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 Post subject: El Gouna Fatality
PostPosted: Mon Jan 14, 2008 2:53 pm 
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Some information has come in about this tragic accident however insufficient to provide a complete understanding of what happened. What has been collected follows. If anyone can offer further information regarding this sad accident please PM ricki. Sincere condolences and regrets go out to this lost kiteboarders family and friends.

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El Gouna is in the Northern Red Sea, on the east coast of Egypt

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The riding area borders developed desert about an hour north of Hurghada

1. A Swiss male kiter of 4 to 5 years experience had been kiteboarding in El Gouna for about a week. He was estimated to be 1.8 m (5'11") in height and weighed about 80 to 90 kg. (175 to 200 lbs.). He was wearing a full wetsuit and no impact vest.

2. On January 3, 2008, he was kiteboarding alone among a group of about 20 other kiters in the lagoon on his own 2008, 10 m fifth line Rebel "C" kite.

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A livecam photo of the area at 1145 that morning.

3. Winds were reported to have been about 15 to 18 kts. out of the NW or side offshore at 2 pm. The water was fairly calm in what were described as ideal conditions.

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Wind records for the area

4. At around 2 pm, a female kiter noted the rider being pulled by a looping kite through the water without a board and yelled at him to open his Quick Release or QR. The rider was reported to have waved at her. No observations of what may have initiated the kite looping have been reported.

5. A kiteboarding instructor about 50 m away attempted to catch the rider by moving through waist deep water as fast as he could but was unsuccessful given the speed at which the kiter was being dragged. He also yelled at the rider to activate his QR. The kiter was seen to appear to become unconscious after being dragged about 100 to 150 m with his head passing beneath the water's surface at times.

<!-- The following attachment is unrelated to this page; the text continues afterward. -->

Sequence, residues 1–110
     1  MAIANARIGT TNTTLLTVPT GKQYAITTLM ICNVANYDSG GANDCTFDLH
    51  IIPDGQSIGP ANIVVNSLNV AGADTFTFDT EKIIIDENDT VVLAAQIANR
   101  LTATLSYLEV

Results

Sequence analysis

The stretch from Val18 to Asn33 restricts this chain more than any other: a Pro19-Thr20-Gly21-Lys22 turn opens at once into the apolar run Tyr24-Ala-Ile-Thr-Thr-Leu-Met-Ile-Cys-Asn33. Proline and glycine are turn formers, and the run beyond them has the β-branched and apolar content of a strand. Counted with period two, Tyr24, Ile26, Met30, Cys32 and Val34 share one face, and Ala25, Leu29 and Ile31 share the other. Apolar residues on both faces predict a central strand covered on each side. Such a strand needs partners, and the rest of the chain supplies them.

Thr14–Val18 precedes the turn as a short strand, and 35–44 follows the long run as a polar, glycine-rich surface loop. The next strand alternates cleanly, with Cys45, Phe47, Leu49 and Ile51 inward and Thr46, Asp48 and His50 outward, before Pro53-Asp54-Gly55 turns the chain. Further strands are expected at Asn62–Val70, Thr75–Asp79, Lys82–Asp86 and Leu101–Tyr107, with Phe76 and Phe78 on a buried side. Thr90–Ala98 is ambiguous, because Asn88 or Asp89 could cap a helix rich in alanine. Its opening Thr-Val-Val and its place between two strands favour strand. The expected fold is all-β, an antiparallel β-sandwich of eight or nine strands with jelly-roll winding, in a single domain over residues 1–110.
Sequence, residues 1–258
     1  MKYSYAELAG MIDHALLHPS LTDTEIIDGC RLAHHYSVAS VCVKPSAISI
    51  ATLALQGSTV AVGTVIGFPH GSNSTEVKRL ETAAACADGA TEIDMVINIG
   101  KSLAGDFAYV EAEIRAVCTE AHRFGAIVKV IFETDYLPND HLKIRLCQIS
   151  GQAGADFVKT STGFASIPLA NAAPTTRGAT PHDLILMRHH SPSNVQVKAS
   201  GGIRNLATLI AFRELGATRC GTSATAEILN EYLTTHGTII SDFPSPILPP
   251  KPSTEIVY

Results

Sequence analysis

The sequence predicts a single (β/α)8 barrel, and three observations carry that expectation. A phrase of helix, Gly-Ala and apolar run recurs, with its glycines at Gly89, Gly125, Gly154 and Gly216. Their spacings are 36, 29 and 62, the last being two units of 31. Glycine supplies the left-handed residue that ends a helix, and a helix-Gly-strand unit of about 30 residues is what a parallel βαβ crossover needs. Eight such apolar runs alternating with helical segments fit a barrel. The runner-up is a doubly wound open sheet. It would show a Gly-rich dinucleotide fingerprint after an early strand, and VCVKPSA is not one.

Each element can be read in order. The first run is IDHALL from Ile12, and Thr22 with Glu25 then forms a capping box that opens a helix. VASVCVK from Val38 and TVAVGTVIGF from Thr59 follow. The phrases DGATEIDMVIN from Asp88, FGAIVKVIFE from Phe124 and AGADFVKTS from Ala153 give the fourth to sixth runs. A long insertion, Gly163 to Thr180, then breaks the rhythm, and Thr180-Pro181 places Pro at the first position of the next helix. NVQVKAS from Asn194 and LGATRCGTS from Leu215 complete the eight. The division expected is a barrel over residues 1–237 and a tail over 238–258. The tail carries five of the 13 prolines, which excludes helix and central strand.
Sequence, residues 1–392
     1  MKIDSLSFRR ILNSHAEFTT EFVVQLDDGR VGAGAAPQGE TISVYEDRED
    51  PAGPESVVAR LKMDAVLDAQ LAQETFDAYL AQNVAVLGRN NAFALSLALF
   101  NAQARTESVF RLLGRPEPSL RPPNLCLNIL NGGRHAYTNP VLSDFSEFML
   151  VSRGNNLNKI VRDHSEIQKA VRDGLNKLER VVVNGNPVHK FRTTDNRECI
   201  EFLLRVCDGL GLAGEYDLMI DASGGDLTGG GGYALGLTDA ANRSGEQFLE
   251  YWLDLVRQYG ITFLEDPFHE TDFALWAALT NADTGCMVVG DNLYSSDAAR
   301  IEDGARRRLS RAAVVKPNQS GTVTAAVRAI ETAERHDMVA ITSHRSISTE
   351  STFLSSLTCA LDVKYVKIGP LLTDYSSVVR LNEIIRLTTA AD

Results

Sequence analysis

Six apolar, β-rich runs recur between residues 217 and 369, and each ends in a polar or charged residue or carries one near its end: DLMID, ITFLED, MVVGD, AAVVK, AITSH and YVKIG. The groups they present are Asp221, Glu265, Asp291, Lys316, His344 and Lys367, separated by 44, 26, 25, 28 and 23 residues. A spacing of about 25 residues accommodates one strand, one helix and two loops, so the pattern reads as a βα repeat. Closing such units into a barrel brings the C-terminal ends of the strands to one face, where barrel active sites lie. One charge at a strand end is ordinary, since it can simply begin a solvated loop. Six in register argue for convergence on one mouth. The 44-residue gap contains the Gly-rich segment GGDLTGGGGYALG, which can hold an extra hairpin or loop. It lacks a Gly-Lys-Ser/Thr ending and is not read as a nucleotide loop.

6. Two kite beachboys onshore noticed the looping kite and called both safety boats offshore to provide assistance by walkie talkies. One boat ran just behind the kiter and observed that he was unresponsive, perhaps unconscious. The other boat ran forward and tried to grab the kite. The kite was looping about three times in the air then striking the water and relaunching again, repeated over and over. This made securing the kite very hard to do. Eventually the lines were grabbed and cut. The kiteboarder was dragged approximately 300 to 500 m in the course of the accident for an estimated duration of 2 minutes. This would equate to a dragging speed of approximately 6 to 8 kts..

7. The kiter was recovered into the rescue boat and rushed to shore. The station director was waiting and performed CPR on the kiter. The kiteboarder did not revive.

8. The kiter was not seen to activate his Quick Release. It was later checked by staff and found to be functioning correctly.

FKA, Inc.

transcribed by:
Rick Iossi


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 Post subject: Re: El Gouna Fatality
PostPosted: Mon Jan 14, 2008 2:56 pm 
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Many questions about the cause of this loss still exist. Still, some points for consideration follow:

1. Kiters should be prepared to Emergency Depower the kite they are using without hesitation at all times. Riders have been lost or severely injured by waiting too long in the past.